On February 25, Syrian President Bashar al-Assad arrived in Tehran where he met with Leader of the Islamic Revolution Ayatollah Seyyed Ali Khamenei and other top officials. This was the first such visit since the start of the war.
During the meeting, Assad expressed his gratitude to Iran for all that it has done for Syria during the conflict. The Syrian presidency added that the leaders “reviewed the fraternal and strong relations between their two peoples, which have been the main factor in maintaining Syria and Iran in the face of plots by enemy countries”.
Khamenei told Assad that the resistance of Syrian president and people as the main reason behind the defeat of the United States and its regional mercenaries.
“The Islamic Republic of Iran considers supporting the Syrian government and people as helping the resistance movement and current, and takes pride in it from the bottom of its heart,” Khamenei said adding that “The issue of the buffer zone, which Americans seek to establish in Syria, is among those dangerous plots that must be categorically rejected and stood against.”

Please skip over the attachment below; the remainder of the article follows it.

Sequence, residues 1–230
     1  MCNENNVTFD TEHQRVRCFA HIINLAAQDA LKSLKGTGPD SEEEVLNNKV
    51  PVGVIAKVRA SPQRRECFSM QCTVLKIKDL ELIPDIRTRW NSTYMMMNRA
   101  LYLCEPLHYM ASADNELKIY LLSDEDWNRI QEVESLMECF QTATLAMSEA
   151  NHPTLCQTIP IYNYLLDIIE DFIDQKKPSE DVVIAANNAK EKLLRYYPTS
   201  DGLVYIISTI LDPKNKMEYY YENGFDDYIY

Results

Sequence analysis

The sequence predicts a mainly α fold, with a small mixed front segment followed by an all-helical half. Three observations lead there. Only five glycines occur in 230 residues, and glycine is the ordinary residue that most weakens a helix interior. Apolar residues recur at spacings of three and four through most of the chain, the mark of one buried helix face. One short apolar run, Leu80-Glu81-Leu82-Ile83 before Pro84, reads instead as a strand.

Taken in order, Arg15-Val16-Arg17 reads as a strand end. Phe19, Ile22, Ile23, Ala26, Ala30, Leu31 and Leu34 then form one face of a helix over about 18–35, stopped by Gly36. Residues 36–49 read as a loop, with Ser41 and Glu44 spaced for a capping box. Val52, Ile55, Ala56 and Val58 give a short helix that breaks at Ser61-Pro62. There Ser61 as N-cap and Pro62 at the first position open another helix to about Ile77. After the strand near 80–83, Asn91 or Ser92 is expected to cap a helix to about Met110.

“Iran and Syria are each other’s strategic depth and the identity and power of the resistance front depends on this continued and strategic relationship. This will prevent enemies from making their plans operational,” he added.
Khamenei also praised the role of Assad in the conflict.
“Through your steadfastness, you [Assad] turned into the hero of the Arab world and the resistance in the region has gained more power and credit through you,” he stressed noting that Iran will continue to stand by the Syrian nation “because considers this as helping the resistance front and movement.”
Iranian President Hassan Rouhani, who also met with Assad, noted that his country is ready to participate in rebuilding of Syria and restoring its stability.
“The Islamic Republic of Iran has always stood by the Syrian nation and government in the fight against terrorism in Syria and has spared no efforts in this regard,” the Iranian president said.
This meeting is another example of the deep ties, which had developed between Damascus and Tehran in the course of the ongoing conflict. These ties will likely grow further as there are almost no preconditions, which can limit the Iranian influence in the government-held part of the country.
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